Histamine: Effects of temperature on sensory quality of itch sensation. The qualitative experience of the histamine prick test, as indicated by the abbreviated EIQ, can be seen in Fig. 2. Since standardized residuals were not normally distributed, the differences between warm and cold conditions for each of the 23 questionnaire items were evaluated using Wilcoxon signed rank tests. These tests indicated that relative to the cold condition, the itch during warm trials was perceived as more sharp (p = 0.021), pulsating (p = 0.037), stinging (p = 0.008), warm (p = 0.019) and burning (p = 0.022). Note that these tests were of an exploratory character and therefore not corrected for multiple comparisons.
Fig. 2. Mean rating for items of the adapted-Eppendorf Itch Questionnaire (19) following histamine-induced itch. Rating scale ranged from 0 (not appropriate) to 4 (absolutely appropriate). *Items were ratings significantly differed (p < 0.05) between the cold and warm condition.
Histamine: skin reaction. We also analyzed whether thermal stimulation affected the size of the skin reaction typically elicited by a histamine prick, i.e. wheal and flare size (see Table I). The corresponding paired t-tests indicated that cooling the skin, relative to warming, significantly reduced the flare size (t(13) = 2.23, p = 0.044). Wheal size was not affected by temperature (t(13) = 1.01, p = 0.332).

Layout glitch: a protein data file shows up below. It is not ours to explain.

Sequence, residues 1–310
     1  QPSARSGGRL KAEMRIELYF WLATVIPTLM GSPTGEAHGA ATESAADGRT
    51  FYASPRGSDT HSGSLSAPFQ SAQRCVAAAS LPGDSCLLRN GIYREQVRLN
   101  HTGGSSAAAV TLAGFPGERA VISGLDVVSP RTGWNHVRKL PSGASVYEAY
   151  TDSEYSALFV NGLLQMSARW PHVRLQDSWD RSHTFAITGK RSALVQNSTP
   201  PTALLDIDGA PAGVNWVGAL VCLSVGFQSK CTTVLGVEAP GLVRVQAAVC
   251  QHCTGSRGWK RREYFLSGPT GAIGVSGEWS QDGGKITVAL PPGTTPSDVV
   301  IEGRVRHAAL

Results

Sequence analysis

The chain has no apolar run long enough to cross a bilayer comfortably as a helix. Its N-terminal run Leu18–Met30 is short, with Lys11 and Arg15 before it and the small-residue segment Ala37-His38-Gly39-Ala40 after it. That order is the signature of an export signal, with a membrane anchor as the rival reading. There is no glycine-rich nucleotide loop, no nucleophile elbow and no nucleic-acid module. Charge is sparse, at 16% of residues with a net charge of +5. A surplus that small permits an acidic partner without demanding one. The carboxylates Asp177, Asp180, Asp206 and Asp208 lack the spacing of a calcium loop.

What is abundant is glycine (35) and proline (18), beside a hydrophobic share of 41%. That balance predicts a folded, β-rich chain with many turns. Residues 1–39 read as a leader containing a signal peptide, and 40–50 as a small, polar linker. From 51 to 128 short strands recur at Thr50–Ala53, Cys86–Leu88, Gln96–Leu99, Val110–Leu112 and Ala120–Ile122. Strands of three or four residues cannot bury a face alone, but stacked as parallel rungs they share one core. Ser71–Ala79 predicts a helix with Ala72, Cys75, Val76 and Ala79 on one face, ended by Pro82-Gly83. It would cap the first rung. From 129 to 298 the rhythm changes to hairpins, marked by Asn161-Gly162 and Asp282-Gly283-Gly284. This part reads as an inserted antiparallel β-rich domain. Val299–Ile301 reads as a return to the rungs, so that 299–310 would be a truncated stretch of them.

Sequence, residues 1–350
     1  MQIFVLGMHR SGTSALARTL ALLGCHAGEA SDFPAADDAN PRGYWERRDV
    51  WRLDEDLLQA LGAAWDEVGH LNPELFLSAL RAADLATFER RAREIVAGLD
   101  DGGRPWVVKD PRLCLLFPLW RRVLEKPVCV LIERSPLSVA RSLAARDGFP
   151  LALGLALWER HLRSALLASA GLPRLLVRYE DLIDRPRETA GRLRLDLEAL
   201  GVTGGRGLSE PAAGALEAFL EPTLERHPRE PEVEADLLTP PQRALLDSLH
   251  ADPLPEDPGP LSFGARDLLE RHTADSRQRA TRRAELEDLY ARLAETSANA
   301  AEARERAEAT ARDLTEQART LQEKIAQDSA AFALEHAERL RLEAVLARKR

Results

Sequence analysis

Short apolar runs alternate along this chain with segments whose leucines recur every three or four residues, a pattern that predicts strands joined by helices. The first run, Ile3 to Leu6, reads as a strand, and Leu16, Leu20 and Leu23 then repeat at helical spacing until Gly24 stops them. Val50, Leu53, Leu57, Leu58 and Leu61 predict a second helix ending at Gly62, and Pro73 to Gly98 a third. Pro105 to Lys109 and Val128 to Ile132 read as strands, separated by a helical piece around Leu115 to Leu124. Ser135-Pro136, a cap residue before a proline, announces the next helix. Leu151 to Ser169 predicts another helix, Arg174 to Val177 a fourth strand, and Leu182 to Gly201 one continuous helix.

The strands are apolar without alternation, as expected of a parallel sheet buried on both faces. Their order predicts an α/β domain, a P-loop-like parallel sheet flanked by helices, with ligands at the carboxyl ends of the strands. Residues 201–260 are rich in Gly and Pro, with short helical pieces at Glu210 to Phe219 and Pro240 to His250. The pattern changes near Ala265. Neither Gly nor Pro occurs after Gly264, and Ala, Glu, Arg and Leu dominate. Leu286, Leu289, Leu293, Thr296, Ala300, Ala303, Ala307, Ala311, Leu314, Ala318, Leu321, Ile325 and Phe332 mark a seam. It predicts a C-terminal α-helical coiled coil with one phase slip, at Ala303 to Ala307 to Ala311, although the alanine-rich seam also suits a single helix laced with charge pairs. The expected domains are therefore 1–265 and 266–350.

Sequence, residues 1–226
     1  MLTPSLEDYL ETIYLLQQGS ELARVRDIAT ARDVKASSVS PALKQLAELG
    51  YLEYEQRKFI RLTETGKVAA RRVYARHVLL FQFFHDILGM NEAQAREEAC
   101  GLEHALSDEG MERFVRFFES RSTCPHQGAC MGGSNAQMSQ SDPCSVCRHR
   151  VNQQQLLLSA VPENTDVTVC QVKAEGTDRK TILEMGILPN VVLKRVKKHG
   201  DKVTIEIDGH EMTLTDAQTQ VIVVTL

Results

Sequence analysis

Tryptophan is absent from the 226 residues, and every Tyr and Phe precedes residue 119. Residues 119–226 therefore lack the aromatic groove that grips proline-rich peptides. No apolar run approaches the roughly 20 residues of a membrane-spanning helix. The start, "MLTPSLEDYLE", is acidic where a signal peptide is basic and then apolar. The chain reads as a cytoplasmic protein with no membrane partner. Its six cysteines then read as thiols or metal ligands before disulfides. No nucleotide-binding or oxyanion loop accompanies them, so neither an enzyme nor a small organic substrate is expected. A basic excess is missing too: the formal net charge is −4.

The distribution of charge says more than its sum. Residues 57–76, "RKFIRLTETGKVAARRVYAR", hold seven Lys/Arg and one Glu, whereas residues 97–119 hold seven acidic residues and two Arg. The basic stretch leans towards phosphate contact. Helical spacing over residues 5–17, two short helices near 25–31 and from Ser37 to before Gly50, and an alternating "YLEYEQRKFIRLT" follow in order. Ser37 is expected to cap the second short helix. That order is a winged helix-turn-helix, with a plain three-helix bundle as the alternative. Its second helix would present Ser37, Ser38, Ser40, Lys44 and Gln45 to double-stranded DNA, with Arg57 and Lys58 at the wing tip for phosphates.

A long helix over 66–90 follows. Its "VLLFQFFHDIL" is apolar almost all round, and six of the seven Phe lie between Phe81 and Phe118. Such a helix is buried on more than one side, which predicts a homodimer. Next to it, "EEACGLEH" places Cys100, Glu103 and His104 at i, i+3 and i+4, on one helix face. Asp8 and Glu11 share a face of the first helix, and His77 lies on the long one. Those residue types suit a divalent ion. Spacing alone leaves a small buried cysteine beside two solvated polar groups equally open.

Table I. Wheal and flare size for experimental conditions in cm2 (n = 14)
As can be seen in Fig. 3, cowhage elicited a typical itch response, peaking around 140 s after the onset of itch induction. There does not seem to be an overall difference between the warm and cold conditions for cowhage-induced itch. However, there appears to be a transient effect of temperature within the warm condition, with itch intensity increasing whenever the skin temperature was raised to the warm threshold, followed by a reduction when skin temperature returned to baseline level.